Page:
In response to this approach, many churches have inadvertently taken the “I’m okay, you’re okay” approach. In these churches, Christians do not expect much from anyone, even themselves. They replace judgmentalism with an ethic of tolerance. But an ethic of tolerance is not the same as an ethic of love. Tolerating someone is not the same thing as loving them. Love is deeper and more significant. Tolerance demands only that we give people space. Love demands that we enter into their space. Besides, if on our own we are okay, why do we need to be part of a church? If we are already okay, then why do we need God and one another?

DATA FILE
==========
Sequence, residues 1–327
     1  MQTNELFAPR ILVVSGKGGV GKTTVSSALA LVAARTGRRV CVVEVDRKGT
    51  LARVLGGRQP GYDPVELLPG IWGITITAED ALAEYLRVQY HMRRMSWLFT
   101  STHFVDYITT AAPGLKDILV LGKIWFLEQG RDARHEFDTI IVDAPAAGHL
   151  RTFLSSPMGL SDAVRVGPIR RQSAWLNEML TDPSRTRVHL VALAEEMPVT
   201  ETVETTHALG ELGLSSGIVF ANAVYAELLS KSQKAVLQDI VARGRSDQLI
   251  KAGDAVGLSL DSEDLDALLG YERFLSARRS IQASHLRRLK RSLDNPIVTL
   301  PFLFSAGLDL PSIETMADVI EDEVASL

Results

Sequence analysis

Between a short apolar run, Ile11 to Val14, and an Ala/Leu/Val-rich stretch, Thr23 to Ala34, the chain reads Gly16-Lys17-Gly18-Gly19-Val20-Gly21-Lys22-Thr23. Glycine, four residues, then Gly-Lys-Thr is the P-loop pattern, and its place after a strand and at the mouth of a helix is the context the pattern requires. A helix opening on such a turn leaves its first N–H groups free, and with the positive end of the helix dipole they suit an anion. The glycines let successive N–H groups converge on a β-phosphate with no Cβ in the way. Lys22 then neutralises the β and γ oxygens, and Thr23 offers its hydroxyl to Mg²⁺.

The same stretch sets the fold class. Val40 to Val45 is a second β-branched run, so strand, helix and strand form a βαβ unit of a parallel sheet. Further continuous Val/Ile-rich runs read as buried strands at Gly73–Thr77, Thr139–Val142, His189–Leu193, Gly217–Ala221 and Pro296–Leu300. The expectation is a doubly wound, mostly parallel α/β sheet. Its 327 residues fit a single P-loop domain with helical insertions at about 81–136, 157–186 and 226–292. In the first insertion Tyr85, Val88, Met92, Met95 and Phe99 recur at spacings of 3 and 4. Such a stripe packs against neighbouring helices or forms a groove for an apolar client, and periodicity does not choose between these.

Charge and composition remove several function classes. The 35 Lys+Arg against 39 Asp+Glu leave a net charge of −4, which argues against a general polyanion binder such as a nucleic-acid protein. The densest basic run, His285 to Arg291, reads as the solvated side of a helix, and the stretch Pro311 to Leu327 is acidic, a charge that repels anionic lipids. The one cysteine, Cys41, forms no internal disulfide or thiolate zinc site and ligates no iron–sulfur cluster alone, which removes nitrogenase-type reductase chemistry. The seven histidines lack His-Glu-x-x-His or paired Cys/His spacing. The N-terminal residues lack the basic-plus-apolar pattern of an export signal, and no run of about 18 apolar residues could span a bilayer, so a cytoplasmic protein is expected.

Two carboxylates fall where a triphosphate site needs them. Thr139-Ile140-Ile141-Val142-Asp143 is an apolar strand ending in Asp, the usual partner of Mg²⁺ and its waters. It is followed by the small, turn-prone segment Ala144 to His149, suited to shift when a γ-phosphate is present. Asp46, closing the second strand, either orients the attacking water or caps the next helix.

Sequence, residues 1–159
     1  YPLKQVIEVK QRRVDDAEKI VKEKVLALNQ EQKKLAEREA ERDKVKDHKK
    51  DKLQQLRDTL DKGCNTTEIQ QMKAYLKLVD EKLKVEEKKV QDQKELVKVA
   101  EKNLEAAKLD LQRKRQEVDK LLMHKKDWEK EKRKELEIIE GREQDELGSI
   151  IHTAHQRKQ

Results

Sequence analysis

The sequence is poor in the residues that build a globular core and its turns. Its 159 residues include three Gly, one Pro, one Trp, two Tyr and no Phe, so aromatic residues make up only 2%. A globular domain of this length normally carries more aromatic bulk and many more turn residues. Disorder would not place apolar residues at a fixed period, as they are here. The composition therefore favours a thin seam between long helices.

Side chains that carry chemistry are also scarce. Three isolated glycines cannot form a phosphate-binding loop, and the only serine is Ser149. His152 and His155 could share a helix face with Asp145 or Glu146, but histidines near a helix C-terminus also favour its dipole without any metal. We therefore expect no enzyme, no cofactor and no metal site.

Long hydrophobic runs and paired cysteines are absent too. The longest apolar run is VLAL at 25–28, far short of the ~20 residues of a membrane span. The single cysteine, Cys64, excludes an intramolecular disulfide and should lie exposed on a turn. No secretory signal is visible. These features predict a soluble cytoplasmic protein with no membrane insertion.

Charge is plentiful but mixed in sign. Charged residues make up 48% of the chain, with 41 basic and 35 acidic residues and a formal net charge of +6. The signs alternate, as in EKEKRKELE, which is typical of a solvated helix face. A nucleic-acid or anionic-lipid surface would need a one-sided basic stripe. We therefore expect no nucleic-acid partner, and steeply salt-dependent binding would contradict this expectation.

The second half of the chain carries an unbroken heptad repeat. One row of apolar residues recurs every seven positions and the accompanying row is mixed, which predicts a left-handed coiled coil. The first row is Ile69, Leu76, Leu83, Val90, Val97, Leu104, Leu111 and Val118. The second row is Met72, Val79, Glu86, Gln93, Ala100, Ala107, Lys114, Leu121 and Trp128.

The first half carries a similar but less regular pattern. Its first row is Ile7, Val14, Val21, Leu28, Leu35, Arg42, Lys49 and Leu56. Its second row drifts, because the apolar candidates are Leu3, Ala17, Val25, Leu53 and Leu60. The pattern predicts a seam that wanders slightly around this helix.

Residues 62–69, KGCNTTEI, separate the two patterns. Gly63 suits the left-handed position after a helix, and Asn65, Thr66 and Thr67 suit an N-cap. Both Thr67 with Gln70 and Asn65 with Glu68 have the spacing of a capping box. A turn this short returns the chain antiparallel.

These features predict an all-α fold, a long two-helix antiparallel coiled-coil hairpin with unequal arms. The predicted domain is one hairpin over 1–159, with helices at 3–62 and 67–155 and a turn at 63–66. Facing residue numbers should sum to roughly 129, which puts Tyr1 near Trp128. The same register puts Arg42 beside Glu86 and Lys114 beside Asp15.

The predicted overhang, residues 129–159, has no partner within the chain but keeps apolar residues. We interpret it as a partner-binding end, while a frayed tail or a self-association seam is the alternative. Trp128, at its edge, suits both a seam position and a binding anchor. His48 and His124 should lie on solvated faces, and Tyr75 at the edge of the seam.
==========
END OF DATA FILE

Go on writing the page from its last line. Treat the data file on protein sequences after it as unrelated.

I recommend the “I’m not okay, you’re not okay” approach. This approach embraces the teaching of Martin Luther that we all are saints and sinners simultaneously. Churches following this approach raise disciples who readily admit to the mess within their lives. They admit to their sin and brokenness and see God’s grace as the only means for straightening out their lives. With this approach, we do not have to pretend that we are okay when we are not; we do not have to fool others into thinking that we are perfect. In these churches, we are asked to come as we are between the extremes.